$15 Minimum Wage Supporters Win Huge Victory In DC

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The Council of the District of Columbia approved a measure raising the minimum wage to $15 an hour Tuesday, and there’s already concern it will lead to massive layoffs.

Mayor Muriel Bowser announced the successful passage during a press conference at her office. She has already promised to sign the bill once it arrives at her desk. Proponents have pushed the capital to enact the increase as a way to help address income inequality while opponents warn it could severely limit job opportunities.

“I see how much it costs to live in Washington, D.C., and that cost is only going up,” Bowser said, according to ABC News. “Even at $15, it’s tough to be able to afford to live in Washington, D.C.”

The Employment Policies Institute found in a report May 6 previous minimum wage increases already caused problems. The city raised its minimum wage from $8.25 to $11.50 since 2014. Nearly half of the 100 employers surveyed in the report said they had to reduce staff or cut hours. The report warns the $15 minimum wage will make the problem worse.

“Today’s vote that was orchestrated by big labor and the DC City Council is a blow to hard working employees and employers across the District,” America Rising Squared Communications Director Jeremy Adler told The Daily Caller News Foundation. “Because of this dramatic hike in the minimum wage, low-income workers are going to have fewer opportunities.”

America Rising is a nonprofit research group that promotes conservative policies. Studies have shown both positive and negative outcomes when it comes to the $15 minimum wage, and it is generally agreed job loss is a potential risk because of the increased cost of labor. University of California, Berkeley found the losses are marginal compared to the potential benefit. The nonpartisan Congressional Budget Office found any increase in the minimum wage will likely result in at least some job loss.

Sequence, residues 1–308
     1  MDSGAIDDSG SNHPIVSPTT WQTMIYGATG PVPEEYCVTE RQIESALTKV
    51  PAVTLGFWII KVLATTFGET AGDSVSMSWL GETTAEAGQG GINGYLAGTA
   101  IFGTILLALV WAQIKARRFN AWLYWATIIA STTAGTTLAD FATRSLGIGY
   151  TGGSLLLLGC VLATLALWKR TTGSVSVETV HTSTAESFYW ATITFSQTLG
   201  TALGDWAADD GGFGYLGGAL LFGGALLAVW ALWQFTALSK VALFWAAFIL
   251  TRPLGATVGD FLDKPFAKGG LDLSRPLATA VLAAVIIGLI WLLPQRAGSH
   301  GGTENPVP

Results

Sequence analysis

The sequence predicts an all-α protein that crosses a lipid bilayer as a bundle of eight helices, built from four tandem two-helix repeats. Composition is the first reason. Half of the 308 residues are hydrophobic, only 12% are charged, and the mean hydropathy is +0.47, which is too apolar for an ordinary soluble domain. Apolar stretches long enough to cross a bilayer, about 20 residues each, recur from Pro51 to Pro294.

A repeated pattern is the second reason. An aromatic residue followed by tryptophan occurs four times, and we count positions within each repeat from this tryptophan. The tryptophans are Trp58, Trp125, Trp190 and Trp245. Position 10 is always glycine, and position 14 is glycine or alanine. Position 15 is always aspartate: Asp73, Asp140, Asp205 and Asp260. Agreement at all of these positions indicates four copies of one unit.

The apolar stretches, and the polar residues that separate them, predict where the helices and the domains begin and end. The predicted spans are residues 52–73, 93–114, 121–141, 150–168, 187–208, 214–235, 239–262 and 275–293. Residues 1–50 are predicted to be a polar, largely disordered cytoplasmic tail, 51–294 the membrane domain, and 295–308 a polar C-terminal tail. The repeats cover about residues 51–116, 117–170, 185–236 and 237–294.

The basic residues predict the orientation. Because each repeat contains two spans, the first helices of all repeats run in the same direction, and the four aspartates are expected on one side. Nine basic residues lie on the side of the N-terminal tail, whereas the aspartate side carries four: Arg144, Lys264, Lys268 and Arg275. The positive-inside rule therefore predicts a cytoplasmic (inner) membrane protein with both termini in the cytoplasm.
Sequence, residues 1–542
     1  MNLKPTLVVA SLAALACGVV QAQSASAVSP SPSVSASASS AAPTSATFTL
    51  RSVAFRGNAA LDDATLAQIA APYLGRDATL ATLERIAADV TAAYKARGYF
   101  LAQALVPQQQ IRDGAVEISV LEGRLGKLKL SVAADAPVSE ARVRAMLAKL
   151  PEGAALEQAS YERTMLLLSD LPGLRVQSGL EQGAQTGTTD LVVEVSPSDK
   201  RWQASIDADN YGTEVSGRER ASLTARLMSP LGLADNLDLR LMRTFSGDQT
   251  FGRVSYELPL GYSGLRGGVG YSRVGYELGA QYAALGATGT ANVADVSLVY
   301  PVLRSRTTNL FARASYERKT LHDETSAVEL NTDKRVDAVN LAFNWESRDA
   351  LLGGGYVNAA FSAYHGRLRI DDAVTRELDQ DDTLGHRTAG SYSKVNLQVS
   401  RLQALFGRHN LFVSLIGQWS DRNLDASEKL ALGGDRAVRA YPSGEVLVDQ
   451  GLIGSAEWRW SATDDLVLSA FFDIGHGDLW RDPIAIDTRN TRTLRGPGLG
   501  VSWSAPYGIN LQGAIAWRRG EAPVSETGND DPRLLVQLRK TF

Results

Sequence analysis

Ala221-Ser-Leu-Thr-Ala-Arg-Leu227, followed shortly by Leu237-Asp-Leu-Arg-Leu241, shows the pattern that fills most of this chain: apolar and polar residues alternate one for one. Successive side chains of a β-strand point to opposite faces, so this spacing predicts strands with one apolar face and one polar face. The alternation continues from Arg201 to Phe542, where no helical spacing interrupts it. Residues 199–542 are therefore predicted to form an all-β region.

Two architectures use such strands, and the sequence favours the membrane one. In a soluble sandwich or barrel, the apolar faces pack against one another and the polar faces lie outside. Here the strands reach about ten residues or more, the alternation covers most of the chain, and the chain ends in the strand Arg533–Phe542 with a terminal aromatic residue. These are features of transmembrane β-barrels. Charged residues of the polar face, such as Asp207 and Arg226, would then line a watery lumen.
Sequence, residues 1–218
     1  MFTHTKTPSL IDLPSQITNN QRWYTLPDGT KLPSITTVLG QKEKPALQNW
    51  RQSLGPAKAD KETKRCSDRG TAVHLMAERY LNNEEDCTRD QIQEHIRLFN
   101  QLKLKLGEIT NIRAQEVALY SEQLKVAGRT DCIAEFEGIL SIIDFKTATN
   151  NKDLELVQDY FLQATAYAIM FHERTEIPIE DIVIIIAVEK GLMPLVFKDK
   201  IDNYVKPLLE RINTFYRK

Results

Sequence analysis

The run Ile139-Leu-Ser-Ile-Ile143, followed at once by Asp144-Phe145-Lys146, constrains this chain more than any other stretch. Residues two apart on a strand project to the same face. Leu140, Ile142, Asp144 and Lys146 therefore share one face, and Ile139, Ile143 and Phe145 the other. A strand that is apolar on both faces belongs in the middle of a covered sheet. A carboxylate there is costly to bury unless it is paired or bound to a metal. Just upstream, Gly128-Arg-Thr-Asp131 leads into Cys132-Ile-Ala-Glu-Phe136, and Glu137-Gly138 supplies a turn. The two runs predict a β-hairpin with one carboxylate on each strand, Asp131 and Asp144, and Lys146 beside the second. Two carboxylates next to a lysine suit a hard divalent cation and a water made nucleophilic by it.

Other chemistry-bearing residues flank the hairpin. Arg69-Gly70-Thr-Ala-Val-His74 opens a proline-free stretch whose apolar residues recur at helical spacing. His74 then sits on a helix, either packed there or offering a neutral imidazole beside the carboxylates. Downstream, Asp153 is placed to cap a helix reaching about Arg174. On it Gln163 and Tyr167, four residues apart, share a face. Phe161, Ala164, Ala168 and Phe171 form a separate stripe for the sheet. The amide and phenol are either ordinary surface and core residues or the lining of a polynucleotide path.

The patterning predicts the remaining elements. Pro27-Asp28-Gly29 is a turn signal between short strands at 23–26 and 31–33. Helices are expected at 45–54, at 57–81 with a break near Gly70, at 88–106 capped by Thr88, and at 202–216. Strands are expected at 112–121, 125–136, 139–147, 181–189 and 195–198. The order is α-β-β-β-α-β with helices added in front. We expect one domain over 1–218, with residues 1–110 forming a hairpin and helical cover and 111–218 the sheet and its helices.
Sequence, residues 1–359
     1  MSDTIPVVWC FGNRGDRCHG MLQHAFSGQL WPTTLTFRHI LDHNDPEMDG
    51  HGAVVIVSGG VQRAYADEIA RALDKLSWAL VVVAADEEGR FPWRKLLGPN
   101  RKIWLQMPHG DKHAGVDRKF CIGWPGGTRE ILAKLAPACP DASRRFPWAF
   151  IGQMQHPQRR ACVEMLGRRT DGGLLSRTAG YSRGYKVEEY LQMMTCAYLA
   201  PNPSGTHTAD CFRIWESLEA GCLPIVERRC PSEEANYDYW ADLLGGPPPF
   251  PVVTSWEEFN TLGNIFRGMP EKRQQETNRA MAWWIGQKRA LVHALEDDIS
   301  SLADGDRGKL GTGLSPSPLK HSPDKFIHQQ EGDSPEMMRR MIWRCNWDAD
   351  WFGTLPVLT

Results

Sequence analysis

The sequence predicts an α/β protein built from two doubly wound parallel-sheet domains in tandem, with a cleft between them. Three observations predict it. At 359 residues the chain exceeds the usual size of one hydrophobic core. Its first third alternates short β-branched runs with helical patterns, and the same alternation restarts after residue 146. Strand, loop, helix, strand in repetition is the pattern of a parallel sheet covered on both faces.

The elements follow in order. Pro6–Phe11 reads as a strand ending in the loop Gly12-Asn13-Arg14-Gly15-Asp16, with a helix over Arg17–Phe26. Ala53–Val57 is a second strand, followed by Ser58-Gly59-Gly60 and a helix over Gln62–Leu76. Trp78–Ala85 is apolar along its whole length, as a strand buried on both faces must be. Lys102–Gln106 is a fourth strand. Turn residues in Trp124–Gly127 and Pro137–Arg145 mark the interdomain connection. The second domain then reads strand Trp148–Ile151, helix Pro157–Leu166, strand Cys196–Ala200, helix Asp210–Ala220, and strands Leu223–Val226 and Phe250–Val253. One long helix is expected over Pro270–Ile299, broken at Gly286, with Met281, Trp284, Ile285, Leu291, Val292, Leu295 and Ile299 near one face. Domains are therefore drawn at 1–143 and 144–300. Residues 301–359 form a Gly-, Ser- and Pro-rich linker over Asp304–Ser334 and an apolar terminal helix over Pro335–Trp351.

“DC businesses will be forced to cut back and eliminate jobs,” Adler continued. “Surveys have shown that District business leaders were very wary about the economic consequences of a $15 minimum wage and those negative consequences are now likely to come as a result of the council’s actions today.”

DC will be joining a handful of other cities which have also enacted the policy, starting with Seattle in June, 2014. New York and California became the first states Apr. 4 to enact a $15 minimum wage.

The union-backed Fight for $15 movement has been at the forefront of the policy push. The movement utilized protests and media campaigns to push the policy. It claimed to be a grassroots movement, but has been criticized for receiving significant funds from the Service Employees International Union.

The National Bureau of Economic Research and The Heritage Foundation determined the impact of a higher minimum wage is especially bad for young and low-skilled workers. The White House Council of Economic Advisers warned in a report Feb. 22 that low-skilled workers are the most at risk of being replaced by computers.

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